Restorer’s Technical Report (summary in part from the restorer’s report)
In the past, the shield had undergone a careful, yet radical, intervention geared to restoring the integrity and functionality of the object: removal of the leather layer from the wooden support, consolidation of the wooden support, reapplication of the leather to the support, lining up the outer edges of the back and front leather layers, filling in the lacunae, treatment of the surfaces with a black-colored fatty substance, and the application of two new arm supports covered in green velvet. Microanalytical examinations were done at the Institut Royal du Patrimoine Artistique in Brussels on the conservation state of the leather, while the chemical laboratory of the ICR did the tests to identify the fatty substances present on the leather. The intervention procedures were planned taking into consideration the display conditions in the museum, respecting the original collocation of the object without a glass case. The intervention had the following stages: removal of the surface fatty deposits; on the inside of the shield, removal of the nails that did not contribute to fixing the leather layer to the wooden support; reduction of the deformations of moderate extension; fixing of the parts of the leather covering where it had become detached from the wooden support using thin bracket headed nails made out of stainless steel wire in different thicknesses (0,8 mm, 1 mm, 1,2 mm), and then darkened; filling in of lesions and lacunae with stucco; pictorial reintegration of the stuccoed areas using colored varnishes (the parts of the wooden support that were visible were toned down using watercolors). Finally, the cleaning of the surface revealed the incisiveness of the reliefs, and make the reading of the subject matter possible.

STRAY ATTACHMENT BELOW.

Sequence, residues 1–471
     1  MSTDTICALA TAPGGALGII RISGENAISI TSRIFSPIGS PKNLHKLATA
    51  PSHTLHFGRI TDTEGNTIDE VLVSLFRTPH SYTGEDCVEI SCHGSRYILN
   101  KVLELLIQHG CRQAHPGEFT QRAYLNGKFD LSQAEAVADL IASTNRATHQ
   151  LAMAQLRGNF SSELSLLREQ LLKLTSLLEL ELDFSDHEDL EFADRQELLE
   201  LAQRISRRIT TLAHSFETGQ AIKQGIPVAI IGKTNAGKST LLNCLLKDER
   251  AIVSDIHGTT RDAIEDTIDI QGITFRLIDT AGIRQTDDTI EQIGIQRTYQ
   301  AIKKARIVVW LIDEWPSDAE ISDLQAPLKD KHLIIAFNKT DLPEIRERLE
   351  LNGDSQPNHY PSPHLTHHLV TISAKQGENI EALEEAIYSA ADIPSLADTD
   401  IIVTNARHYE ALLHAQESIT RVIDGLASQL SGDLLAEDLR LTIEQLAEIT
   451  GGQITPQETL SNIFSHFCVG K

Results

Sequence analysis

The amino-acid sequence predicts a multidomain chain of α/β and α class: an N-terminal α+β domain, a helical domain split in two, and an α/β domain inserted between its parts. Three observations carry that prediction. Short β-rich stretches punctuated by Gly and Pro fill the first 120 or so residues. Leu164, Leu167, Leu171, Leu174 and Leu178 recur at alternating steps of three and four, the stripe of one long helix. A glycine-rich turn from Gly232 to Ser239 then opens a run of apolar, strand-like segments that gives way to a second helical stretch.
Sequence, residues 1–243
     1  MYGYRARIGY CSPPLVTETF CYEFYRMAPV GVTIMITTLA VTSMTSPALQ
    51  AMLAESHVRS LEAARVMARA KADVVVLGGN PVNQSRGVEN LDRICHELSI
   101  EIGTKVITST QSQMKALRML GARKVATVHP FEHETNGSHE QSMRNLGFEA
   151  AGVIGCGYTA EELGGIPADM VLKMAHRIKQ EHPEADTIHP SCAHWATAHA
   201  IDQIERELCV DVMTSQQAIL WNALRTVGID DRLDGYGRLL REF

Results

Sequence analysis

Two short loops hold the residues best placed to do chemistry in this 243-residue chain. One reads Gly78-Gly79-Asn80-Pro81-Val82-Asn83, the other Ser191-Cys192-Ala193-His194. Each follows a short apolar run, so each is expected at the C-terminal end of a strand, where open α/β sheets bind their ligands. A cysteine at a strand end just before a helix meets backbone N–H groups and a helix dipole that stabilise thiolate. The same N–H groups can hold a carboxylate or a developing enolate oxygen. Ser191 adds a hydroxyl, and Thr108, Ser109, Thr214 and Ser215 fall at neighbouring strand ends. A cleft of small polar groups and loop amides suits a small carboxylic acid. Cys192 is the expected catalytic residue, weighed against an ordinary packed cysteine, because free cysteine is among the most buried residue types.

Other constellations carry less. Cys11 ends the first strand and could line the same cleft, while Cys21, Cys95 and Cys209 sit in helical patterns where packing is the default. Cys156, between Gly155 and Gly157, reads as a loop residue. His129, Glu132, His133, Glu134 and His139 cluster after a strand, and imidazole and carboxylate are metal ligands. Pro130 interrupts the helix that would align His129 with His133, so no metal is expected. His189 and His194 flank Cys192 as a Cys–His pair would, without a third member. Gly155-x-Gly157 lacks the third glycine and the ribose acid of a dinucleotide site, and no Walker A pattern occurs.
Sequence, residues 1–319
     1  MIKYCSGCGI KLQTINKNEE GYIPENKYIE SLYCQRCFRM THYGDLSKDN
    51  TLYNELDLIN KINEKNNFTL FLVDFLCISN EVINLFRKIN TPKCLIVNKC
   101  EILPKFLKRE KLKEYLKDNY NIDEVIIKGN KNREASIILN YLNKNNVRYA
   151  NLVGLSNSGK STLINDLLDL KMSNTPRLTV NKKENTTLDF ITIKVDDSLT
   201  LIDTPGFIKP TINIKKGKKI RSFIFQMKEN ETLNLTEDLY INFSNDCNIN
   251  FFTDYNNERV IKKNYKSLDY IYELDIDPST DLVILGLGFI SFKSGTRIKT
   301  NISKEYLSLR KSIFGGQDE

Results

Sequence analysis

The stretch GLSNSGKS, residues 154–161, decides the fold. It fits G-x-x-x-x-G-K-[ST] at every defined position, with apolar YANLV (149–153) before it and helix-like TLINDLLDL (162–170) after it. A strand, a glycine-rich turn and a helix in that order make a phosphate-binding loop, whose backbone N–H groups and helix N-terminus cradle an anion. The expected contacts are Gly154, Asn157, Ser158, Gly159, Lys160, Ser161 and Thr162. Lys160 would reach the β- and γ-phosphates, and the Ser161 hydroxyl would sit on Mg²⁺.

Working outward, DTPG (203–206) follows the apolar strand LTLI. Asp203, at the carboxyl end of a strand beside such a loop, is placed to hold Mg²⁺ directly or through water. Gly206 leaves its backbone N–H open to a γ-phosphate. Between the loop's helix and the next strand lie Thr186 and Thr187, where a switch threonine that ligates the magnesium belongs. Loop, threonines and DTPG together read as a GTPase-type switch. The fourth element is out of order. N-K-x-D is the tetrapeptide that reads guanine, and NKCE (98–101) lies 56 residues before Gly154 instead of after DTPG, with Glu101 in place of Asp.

For a complete copy of the restorer’s report, scholars are kindly requested to contact the museum.